Thursday, October 1, 2009

Georgia's Blog Day 2

Monday 28 September

Our day began with a 5am wake-up call in the Four Points. Most of us slept pretty well, though the jet lagged Aussies (Stephanie and Kaylie) only got 3 hours of sleep. After some muffins we walked through a gusty Winnipeg street to the airport. The PBI people took up most of the little Calm Air plane. I slept a little on the flight, which was actually longer than my flight from MPLS to Winnipeg!
The airport at Churchill was itty bitty, though it did include a polar bear pelt. There we met Dylan, Churchill’s Ambassador (and the second tallest person in town!) He’s 6’5 I think? I was honestly expecting him to be at least a little kooky since he lives “just north of nowhere”, but he was really nice, funny, and proud of his town. He’s also a descendant from the First Nations (so he doesn’t need a hunting permit). Churchill contains about 900 people, though I only saw about 20. It was established as a military base by the U.S. during the Cold War. Today it’s even an alternate landing for the Space Shuttle! The main businesses are shipping (grain) and tourism. Dylan says everyone in town owns a “skidoo” (snowmobile) and most own a four-wheeler too. Kids our age go skidooing, hunt, skate, swim, play video games, watch TV, and surf the web. Apparently there are only 12 people in Dylan’s class, and that’s abnormally big for the school. Most of the town is quaint little houses, gravel, and rust. The school, hockey rink, curling rink, swimming pool, basketball court, and general gathering areas are all in one big brown complex that’s right on the ocean. There we saw a commemoration of a treaty between the First Nations people and Canada where the Canadian government pays the natives 5 dollars. There was a police officer in full ceremonial Canada police outfit. I got a picture with him! We ate at a place called Gypsy’s that had very delicious deli-style food. They also had a signed photo of Ewan McGreggor. We touched the Arctic Ocean and it was so unbelievably cold! I stole a heart-shaped rock for Patricia. It started to snow for the first time this season for Churchill and for me. That was one of the most special moments of the day.
We also went to the polar bear “jail” where bears that get too close to town are housed before being relocated. We heard polar bears moving inside and saw how their traps worked. We also tested noisemakers that scare the bears. I got to shoot a “screamer” out of a real, heavy handgun!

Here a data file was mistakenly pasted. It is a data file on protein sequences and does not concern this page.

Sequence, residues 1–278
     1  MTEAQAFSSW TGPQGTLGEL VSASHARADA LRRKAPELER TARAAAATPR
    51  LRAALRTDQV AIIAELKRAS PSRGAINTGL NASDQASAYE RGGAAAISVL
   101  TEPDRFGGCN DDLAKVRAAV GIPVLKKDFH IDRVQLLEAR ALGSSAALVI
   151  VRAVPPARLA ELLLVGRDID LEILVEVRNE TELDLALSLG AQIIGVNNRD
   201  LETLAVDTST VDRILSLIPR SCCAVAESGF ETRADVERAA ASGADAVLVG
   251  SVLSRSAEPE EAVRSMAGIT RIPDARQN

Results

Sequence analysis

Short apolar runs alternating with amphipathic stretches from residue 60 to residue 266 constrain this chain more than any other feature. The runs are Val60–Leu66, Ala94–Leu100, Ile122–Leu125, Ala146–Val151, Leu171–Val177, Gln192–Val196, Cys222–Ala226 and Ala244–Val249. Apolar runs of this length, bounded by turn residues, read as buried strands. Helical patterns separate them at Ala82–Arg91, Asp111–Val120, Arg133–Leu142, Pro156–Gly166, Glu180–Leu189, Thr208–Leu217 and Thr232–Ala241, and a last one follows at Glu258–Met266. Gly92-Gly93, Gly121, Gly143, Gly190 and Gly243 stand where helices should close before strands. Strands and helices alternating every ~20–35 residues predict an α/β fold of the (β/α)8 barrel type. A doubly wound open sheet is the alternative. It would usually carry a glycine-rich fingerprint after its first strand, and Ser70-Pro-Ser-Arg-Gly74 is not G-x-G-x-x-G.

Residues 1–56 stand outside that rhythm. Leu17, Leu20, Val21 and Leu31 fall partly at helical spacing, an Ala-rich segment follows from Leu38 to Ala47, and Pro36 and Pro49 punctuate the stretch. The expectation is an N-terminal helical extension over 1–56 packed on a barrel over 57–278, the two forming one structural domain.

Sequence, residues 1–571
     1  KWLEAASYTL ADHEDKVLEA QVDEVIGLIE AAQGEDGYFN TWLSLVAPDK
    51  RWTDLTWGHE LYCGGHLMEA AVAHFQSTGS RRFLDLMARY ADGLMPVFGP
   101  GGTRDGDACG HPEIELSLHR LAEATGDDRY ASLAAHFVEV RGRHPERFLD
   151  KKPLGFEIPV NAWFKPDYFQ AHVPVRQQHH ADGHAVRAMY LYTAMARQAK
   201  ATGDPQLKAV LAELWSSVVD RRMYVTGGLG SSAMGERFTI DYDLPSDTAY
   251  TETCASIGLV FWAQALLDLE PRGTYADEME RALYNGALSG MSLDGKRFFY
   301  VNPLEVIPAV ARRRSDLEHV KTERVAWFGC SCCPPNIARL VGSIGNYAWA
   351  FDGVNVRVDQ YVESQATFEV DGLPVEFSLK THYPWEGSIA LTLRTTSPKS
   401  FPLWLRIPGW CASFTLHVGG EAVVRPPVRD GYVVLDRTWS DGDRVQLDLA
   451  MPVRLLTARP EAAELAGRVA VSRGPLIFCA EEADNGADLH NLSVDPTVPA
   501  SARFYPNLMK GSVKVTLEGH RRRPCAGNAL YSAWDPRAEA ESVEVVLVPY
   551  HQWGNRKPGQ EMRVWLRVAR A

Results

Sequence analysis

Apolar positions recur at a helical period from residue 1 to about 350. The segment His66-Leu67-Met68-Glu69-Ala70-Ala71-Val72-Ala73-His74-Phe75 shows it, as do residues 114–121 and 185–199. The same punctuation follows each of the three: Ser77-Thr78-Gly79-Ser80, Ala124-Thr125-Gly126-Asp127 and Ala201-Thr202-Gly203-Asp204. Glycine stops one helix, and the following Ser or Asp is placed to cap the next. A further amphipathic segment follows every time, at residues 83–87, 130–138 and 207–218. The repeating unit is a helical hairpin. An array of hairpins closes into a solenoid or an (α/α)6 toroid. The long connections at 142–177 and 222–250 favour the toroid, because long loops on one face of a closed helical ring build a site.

We saw a creepy, dilapidated research facility where they gave bears oil and inadvertently killed them. One of the coolest parts was listening to local trapper Parker Fitzpatrick discuss how hunting and trapping isn’t as bad as it seems. His argument is that while a city would take 50 years to return to its natural state, and if he left his grounds they would be normal in about 3 years. He also said that he’s very responsible and he helps strengthen the population by keeping it down and killing the slow ones. The traps are more humane now, but the foot holds especially seem still pretty cruel. Apparently it kills an animal a lot quicker than starvation or disease would. I respect Patrick and his way of life, but I don’t think everyone can live like him. Also I got to touch a wolverine pelt (and wolf, martin, and beaver)!
We drove in a bus a lot then we finally loaded up the Tundra Buggy. It was not as warm as hoped, especially since some of the school-bus style windows were broken and wouldn’t close. We moved at a very slow pace over lumpy terrain which was actually a road built by the U.S. military during the Cold War, but it took like an hour and a half! The land here is not the giant block of ice I expected. It’s really marsh-like, with puddles and water everywhere. It’s like a really frigid swamp. All the ground is brown and orange and green with little pockets of raspberry colored bush. You can see for miles and there are little, maybe 5-foot pine tree pockets everywhere. It’s simply beautiful. I sat at the front of the buggy with Steph and Hayley . At about 5:30 Mirielle spotted a young polar bear! Robert Buchanan said she (dubbed Sheila by the Aussies) was about 2.5 years old and would have just been turned away by her mom. Later though we saw her with another bear and reckoned it was the mother. The bear kept walking and galloping ahead of us, looking back at the Buggy a lot. We also saw an Arctic hare and some little sparrow-like birds.
FINALLY we arrived at the Lodge. There are like 5 boxcars in the middle of the Arctic marsh: boys’ sleeping car, girls’ sleeping car, lounge car, dining car, staff sleeping cars, and a generator car. There’s limited water so I’ll only be able to take 1 shower over 4 days.

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